The following structure is an example of how you can structure your thesis:
- Title page
- Abstract – a brief summary including the background, methodology and findings of your research
- Table of Content
- Chapter 1 Background – why have you decided to conduct this research?
- Chapter 2 Literature Review – provide a short summary of all sources used to conduct your research
- Chapter 3 Methodology – what methodology have you used in your thesis and why?
- Chapter 4, 5, 6, … Data Analysis Argument 1, 2, 3, … – describe the data analyses regarding your arguments
- Chapter N Discussion – conclusions based on your data analysis
- Appendices – additional materials used in your thesis
Make sure you know what referencing style you have to use, and make sure to be consistent while referencing. Check whether all the sources you have used in-text appear in your table of references, for example by cross checking your references before submitting your thesis. Helpful ways to make sure you reference all sources the right way include the “References” option in Word, EndNote and Paperpile.
Even more important than being consistent in your referencing, is referencing everything. Forgetting to give credit to your sources might result in accidentally committing plagiarism. Therefore, you should always quote accurately what sources you have used when quoting or paraphrasing from other’s works.
6. Develop Your Own Style
Develop your own style of writing. Figure out what writing style you prefer by reading articles, books and even other theses regarding your topic. Moreover, reading other’s works will make you aware of how you can be concise, effective and compelling.
While using your own writing style, make sure to be consistent. For example, only write in either British or American English, not in a combination of the two.
7. Anticipate Counterarguments
While developing and supporting your arguments, make sure to anticipate counterarguments. Every argument has counterarguments, so think about what these might be and refute them during your research. This will help you refine your thesis and might even make your arguments appear stronger.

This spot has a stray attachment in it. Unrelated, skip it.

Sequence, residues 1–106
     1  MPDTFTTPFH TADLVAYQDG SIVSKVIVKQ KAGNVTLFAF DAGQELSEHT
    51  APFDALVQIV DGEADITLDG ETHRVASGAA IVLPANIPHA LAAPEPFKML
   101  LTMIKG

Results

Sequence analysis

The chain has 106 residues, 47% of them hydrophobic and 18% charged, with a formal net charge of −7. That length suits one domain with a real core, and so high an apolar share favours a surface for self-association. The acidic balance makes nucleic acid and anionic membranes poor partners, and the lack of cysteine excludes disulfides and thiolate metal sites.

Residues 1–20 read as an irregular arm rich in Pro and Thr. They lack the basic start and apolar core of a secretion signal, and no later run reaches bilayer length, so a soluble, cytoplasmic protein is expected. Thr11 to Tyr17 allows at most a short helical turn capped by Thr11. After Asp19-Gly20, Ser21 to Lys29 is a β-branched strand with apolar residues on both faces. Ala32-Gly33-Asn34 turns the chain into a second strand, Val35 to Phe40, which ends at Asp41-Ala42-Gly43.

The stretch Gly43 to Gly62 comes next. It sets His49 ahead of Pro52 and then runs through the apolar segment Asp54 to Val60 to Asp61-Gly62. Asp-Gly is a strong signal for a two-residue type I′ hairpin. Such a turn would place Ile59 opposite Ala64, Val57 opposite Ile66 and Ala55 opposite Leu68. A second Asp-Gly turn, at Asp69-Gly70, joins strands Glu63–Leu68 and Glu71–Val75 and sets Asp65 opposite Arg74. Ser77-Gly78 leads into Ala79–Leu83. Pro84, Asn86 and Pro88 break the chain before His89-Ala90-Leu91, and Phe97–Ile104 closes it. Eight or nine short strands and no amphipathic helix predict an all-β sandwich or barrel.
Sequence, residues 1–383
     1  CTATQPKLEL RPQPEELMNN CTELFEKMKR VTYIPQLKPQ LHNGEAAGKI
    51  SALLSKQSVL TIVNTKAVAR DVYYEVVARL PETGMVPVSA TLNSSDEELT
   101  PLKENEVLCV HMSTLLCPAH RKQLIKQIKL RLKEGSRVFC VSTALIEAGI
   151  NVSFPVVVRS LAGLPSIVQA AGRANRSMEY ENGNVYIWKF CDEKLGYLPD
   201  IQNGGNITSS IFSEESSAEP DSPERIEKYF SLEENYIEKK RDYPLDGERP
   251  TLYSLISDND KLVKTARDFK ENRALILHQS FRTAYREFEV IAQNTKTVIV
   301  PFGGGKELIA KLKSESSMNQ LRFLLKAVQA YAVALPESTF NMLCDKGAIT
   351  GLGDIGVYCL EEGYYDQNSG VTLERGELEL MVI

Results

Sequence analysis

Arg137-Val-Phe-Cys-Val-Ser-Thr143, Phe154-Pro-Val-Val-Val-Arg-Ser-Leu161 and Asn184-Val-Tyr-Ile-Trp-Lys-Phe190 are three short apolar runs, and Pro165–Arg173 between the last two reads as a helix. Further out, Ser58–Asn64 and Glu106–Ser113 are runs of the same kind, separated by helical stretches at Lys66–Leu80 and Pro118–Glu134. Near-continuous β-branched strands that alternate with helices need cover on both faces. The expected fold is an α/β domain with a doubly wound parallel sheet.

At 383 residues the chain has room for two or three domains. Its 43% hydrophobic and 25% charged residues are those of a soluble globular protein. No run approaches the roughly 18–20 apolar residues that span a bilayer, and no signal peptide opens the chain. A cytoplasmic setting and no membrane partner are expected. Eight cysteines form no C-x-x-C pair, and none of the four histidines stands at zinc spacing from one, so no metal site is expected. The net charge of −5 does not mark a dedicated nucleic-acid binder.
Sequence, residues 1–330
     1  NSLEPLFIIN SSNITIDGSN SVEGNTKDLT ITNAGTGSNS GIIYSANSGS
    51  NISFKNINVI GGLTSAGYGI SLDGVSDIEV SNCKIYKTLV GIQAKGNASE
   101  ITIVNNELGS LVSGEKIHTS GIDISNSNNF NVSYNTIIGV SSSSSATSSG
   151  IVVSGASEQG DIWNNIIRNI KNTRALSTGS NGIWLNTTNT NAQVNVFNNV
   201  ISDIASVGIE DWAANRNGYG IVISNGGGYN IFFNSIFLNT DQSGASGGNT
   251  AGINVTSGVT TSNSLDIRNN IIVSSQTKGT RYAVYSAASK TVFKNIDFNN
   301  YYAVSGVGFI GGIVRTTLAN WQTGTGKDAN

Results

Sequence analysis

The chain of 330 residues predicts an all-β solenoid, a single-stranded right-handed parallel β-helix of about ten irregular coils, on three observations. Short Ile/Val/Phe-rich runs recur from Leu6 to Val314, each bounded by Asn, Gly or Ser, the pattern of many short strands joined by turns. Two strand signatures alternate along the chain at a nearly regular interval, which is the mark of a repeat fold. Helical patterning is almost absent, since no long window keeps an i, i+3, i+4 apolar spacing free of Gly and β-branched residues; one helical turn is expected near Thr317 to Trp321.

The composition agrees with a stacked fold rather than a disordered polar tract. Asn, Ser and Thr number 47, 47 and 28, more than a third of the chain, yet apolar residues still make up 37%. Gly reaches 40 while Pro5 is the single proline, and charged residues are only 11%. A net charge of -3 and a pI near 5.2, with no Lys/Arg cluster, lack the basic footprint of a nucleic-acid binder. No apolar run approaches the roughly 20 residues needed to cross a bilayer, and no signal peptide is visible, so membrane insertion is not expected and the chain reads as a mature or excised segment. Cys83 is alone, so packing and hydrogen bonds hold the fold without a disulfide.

Moreover, address unanswered questions. Do not try to ignore these questions; rather, identify them and address them in your conclusion as areas for further research.
8. Proofread and Look for Feedback
Proofread your work! Do not just proofread your thesis after you have finished writing it; proofread and, when needed, rephrase or rewrite every chapter after finishing it. This way, you can check whether you’ve quoted all sources, whether your work is concise and whether you are making progress.
Additionally, get feedback on both your individual chapters and your research as a whole. Your supervisor, fellow students and other people will have a fresh perspective about your work and can help you find what is good and what needs improvement in your research.
9. Time Management
Take note of all deadlines, and make deadlines for yourself. Thesis writing takes a long time, so it is easy to procrastinate. Avoid procrastinating too much by setting internal deadlines for chapters, and communicate these with your supervisor so you can receive feedback while writing.
Analyzing data will cost you a lot of time, so make a clear planning regarding your data analysis as well. Programs that are useful when working with data include SPSS, Eviews, Stata and more.
Relax! Thesis writing is hard work, so take care of yourself. Go outside to work, work out, and do things that you enjoy. This makes all the hard work just a little bit less hard.
Good luck with writing your thesis!